Movies about animals generally seem to either fall into the cloyingly sweet family category or tragic, heartbreaking dead pet territory. I wanted to find something a little different this week and immediately thought of Project Nim, a documentary that happened to catch my interest while flipping through the channels recently.
Nim Chimpsky was the subject of an experiment in the 1970’s to determine if a chimpanzee could learn to communicate using American Sign Language. The experiment, led by Columbia University professor Herbert Terrace, began by removing two-week old Nim from his mother and placing him with a human foster family. Nim was meant to grow up as a human child, cared for and treated as a normal baby. The living conditions in his first home were unique (breastfeeding, smoking pot, drinking alcohol, no discipline, etc.) and eventually deemed to be inhibiting his progress in the experiment. From here, Nim went through a menagerie of various handlers and trainers, most with little to no experience dealing with chimps. The experiment was eventually shut down after several years by Terrace, who determined the results to that point to be inconclusive and not worth the continued research.
The real point of interest here are the incredibly odd assortment of people who raised Nim throughout his life. While most were ill prepared for the realities of raising a chimp, they all seemed to truly connect with and care for him. Professor Terrace, on the other hand, distanced himself from Nim as much as possible. Nim’s life post-experiment went about as well as could be expected for a chimp that was pampered his entire life until being sold and, for the most part, abandoned. This isn’t to say that Project Nim ends on a downer necessarily, but I guess I would classify it as “bittersweet”.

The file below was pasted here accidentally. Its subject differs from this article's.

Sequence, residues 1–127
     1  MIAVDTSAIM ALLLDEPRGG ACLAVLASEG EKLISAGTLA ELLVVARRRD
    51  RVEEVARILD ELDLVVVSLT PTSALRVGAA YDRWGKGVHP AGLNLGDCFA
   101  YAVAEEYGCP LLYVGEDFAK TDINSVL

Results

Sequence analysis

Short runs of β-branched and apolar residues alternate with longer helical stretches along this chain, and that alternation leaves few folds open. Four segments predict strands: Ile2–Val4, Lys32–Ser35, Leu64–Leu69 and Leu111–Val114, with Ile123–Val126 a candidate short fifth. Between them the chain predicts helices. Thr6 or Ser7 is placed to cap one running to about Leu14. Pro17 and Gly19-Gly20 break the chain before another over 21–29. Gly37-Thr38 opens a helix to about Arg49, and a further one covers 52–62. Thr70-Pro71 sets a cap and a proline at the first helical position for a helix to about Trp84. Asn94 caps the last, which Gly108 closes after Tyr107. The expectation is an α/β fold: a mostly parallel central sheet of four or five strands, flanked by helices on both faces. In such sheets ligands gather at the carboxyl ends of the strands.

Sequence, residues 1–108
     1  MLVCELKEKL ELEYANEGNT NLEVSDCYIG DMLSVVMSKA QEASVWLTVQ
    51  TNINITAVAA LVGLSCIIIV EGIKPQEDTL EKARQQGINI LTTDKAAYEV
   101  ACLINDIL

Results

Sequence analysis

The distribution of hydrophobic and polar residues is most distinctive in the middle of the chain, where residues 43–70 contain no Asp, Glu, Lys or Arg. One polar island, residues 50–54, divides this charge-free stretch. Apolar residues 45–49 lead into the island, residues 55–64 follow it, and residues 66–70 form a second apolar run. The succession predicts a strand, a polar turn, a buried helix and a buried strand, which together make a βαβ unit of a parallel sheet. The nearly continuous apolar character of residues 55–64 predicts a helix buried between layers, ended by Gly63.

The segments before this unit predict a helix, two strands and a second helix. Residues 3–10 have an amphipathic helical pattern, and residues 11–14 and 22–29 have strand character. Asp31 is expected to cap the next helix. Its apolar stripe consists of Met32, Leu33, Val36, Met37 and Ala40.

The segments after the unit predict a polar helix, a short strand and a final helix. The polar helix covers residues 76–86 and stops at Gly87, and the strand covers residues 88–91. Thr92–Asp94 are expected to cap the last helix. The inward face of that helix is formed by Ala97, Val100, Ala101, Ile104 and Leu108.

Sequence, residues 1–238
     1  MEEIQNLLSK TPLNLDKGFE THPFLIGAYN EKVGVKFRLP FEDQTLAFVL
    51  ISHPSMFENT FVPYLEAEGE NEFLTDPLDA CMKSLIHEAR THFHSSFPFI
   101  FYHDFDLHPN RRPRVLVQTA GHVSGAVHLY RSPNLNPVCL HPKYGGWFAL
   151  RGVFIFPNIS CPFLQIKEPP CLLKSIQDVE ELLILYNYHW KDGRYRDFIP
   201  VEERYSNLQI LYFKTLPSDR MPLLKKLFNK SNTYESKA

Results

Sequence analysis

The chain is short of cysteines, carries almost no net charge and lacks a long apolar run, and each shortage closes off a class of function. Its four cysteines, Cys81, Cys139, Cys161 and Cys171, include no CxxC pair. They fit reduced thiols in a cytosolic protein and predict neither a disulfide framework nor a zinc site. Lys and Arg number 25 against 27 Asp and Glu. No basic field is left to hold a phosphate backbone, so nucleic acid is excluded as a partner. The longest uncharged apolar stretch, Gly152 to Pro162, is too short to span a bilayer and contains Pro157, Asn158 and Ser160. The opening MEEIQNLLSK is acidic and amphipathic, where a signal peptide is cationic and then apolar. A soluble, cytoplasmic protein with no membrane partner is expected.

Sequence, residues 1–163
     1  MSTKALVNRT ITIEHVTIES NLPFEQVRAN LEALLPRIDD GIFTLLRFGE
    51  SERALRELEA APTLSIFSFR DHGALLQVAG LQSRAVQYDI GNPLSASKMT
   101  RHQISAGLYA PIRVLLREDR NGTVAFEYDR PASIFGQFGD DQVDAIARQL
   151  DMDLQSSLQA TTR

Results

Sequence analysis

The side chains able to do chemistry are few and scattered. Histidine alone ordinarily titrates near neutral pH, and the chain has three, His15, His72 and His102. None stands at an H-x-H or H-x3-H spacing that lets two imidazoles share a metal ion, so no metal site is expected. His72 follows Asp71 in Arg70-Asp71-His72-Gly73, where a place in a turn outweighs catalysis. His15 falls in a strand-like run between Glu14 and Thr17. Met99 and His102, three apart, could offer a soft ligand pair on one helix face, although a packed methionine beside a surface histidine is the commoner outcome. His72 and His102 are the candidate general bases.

This is an incredibly interesting look at the ethics of keeping wild animals in captivity and their use in scientific experiments. It stays interesting throughout without getting preachy. Check it out if you’re in the mood for a good documentary.